The first two instructions move the constant values into two registers. These values are LINUX_REBOOT_MAGIC2 (0x28121969) into ESI, and LINUX_REBOOT_CMD_POWER_OFF (0x4321fedc) into EDX. Here, we are using the 32 bit forms of the registers. Moving a 32 bit value into the lower 32 bits of a given 64 bit register will zero out the top 32 bits, meaning we don’t need to xor or do anything else to ensure that the top 32 bits are 0. This is not true for moving to lower bits though, such as say,
mov al, 8. This would keep the top values in RAX, and only change the bottom 8 bits to
These two instructions are 5 bytes each, meaning that in our 12 byte boundary, we have two bytes left to use up here. This is the perfect amount of space to fit a short jump to the rest of the code!
Now we jump down to the label reeb within the p_align section of the program header, which has 8 bytes for us to use. Here, we are moving another constant, LINUX_REBOOT_MAGIC1, necessary for our syscall into EDI, and jumping to the last location to execute. The
jmp instructions together are only 7 bytes, so I included a
nop at the very end to keep the binary at a svelte 84 bytes. Without this, the binary wouldn’t execute. It also shows how much space you have to work with in this location.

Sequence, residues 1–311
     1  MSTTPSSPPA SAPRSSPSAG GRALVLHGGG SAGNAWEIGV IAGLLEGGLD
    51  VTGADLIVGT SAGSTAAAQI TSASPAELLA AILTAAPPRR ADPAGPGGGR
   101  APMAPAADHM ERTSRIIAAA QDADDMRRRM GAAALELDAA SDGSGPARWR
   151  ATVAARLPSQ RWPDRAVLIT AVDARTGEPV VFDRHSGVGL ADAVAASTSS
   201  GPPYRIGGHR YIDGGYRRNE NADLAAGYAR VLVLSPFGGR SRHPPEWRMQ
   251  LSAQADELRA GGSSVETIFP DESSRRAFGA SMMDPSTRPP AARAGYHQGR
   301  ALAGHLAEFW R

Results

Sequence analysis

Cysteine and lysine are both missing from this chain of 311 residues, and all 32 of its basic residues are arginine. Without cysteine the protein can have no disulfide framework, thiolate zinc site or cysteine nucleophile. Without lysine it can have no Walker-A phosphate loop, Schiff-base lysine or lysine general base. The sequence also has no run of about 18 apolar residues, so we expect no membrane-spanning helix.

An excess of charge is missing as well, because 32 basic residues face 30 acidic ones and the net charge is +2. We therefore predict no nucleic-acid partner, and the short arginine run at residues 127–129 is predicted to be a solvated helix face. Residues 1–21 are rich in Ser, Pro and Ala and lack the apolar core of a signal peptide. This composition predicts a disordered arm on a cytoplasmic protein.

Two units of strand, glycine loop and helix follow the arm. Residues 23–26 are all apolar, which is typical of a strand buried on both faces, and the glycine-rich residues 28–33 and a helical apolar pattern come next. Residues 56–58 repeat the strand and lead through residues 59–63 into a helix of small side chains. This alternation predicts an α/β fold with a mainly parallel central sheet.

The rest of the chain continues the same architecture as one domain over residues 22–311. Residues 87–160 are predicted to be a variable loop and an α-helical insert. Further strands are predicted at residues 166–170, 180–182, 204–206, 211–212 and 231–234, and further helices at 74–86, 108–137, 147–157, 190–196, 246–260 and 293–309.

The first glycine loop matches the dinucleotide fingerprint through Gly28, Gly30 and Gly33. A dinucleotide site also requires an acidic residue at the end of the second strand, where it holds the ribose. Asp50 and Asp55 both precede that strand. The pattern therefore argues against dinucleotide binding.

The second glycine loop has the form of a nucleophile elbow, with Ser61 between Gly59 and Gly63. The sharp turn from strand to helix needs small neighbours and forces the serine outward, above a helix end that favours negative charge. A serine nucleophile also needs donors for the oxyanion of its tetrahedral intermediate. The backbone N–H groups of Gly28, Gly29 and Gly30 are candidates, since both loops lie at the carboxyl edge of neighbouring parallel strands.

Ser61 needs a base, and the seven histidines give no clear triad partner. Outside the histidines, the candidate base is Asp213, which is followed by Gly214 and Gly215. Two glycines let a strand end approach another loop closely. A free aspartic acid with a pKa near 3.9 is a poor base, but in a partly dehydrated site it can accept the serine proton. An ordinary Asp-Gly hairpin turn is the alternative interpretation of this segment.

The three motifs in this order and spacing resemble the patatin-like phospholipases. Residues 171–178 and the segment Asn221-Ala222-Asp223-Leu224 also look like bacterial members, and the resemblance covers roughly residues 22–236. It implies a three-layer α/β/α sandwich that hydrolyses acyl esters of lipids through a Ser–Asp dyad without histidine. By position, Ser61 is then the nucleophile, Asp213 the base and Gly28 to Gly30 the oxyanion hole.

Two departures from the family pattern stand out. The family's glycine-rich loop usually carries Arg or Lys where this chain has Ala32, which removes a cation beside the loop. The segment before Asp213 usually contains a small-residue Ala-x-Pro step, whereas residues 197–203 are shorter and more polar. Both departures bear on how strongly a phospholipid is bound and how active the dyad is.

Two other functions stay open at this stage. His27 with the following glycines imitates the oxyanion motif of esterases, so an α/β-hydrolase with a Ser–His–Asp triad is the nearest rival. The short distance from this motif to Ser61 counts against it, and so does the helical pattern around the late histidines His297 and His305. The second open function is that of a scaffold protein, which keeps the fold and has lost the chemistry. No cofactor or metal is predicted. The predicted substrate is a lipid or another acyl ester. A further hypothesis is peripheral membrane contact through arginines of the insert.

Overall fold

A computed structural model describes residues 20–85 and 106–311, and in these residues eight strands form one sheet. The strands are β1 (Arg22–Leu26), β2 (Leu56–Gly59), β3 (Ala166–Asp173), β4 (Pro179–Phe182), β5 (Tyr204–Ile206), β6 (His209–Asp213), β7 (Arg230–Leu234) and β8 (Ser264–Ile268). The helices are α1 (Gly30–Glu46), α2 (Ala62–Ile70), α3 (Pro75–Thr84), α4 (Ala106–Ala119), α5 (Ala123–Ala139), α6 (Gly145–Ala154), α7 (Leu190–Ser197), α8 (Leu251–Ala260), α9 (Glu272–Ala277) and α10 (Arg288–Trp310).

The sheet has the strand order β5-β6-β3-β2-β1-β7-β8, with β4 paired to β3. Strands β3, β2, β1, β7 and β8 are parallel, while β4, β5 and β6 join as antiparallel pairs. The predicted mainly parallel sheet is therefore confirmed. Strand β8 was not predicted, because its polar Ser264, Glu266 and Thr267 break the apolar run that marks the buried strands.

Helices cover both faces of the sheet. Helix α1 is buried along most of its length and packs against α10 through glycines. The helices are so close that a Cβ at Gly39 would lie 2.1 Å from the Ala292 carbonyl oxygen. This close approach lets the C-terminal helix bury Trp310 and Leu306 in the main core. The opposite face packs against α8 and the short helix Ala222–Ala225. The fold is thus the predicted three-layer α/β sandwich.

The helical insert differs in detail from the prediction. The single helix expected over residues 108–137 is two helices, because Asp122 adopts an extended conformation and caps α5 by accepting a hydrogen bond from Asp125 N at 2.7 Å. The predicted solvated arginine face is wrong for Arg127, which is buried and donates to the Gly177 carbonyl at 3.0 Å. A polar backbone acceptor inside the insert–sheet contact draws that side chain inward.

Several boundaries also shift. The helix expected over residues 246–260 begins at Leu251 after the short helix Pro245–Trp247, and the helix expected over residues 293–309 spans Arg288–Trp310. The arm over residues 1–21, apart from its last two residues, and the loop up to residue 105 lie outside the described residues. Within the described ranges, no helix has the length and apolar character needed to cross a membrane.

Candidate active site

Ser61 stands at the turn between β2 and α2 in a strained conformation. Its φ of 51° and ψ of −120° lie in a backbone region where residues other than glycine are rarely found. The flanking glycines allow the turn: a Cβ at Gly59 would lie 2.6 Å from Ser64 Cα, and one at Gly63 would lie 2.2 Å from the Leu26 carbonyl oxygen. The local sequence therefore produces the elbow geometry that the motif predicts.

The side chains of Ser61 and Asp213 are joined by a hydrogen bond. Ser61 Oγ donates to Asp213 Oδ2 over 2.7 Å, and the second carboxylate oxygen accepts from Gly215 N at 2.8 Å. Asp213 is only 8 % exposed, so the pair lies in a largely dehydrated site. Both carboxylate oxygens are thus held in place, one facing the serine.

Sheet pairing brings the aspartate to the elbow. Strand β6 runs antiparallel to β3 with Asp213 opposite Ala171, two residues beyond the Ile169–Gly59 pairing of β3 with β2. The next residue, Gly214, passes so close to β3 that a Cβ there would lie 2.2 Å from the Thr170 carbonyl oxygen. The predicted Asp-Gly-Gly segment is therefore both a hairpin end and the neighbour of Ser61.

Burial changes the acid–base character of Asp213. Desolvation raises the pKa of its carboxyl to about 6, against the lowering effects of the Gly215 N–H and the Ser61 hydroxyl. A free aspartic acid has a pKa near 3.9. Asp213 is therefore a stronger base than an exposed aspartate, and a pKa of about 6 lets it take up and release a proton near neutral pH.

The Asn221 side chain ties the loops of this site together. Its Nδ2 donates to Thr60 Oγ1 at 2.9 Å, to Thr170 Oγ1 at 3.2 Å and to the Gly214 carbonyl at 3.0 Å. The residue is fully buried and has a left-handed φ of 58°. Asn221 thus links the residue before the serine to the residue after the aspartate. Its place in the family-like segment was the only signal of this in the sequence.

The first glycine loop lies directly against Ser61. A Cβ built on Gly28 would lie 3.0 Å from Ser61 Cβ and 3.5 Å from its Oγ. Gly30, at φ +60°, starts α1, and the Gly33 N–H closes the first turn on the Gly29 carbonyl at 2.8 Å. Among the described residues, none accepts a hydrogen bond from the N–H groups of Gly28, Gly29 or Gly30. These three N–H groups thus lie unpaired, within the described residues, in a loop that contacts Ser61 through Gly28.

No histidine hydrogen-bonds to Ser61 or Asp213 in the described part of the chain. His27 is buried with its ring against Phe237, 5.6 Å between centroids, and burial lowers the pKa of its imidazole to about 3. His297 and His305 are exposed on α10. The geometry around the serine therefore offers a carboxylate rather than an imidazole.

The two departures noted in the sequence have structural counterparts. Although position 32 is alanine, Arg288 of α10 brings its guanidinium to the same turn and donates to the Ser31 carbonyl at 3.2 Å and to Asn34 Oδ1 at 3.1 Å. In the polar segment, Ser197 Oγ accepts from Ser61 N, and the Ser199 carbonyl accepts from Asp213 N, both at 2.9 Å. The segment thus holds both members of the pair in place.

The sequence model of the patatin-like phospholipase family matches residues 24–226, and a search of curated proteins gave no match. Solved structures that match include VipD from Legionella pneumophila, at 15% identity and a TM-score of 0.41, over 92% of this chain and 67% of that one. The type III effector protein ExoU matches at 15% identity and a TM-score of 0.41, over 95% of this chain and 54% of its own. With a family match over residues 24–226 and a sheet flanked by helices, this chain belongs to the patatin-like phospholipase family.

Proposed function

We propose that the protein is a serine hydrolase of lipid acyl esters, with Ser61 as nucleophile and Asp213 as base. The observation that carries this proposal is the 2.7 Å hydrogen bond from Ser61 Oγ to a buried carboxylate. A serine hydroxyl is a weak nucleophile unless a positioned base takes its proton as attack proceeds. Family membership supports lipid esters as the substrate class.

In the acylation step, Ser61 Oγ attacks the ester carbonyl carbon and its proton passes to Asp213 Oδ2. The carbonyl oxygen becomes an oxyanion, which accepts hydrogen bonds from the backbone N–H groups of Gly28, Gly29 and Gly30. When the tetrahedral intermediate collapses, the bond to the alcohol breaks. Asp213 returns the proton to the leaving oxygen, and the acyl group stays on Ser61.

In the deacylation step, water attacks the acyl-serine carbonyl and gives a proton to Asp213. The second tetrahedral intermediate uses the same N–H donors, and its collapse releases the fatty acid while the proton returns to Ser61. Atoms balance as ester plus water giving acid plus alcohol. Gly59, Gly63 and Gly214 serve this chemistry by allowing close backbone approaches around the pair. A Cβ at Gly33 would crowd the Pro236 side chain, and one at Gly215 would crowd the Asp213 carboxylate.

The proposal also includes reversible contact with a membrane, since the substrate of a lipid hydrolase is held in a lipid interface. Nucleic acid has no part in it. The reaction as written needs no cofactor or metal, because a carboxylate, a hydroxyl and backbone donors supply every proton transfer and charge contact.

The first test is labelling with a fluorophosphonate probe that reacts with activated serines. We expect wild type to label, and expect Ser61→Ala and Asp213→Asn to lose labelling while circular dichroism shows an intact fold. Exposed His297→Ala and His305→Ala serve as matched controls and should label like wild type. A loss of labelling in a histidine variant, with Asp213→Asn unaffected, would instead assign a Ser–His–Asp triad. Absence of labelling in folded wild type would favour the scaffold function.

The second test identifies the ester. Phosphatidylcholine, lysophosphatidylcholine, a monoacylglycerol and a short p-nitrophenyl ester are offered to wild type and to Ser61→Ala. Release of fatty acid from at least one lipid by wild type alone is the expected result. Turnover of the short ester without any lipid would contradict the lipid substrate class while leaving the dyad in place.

When I initially released this binary, I didn’t put the
mov al, 0xa9 and
syscall instructions up in the program header, leading to 1 extra byte. To solve this, we do something that requires a bit of care to do properly.
0x3C-0x39 and 0x44–0x47
The final step is our jump to the label cya, starting at 0x3C. There are a few structures in this area that need to be addressed.
The p_filesz and p_memsz structures appear to need to be the same value in order to execute properly on most kernels. The other tricky aspect is that these are file sizes that have a size limit within the program header that needs to be investigated more. Since this is little endian when we write in nasm, it stays in the lower 4 bytes of the addresses. If you touch the first byte, it might put you over the available memory on the system, which will render the binary unusable. In my experience, using only 4 bytes in these locations is playing it safe, but you should definitely play around with these!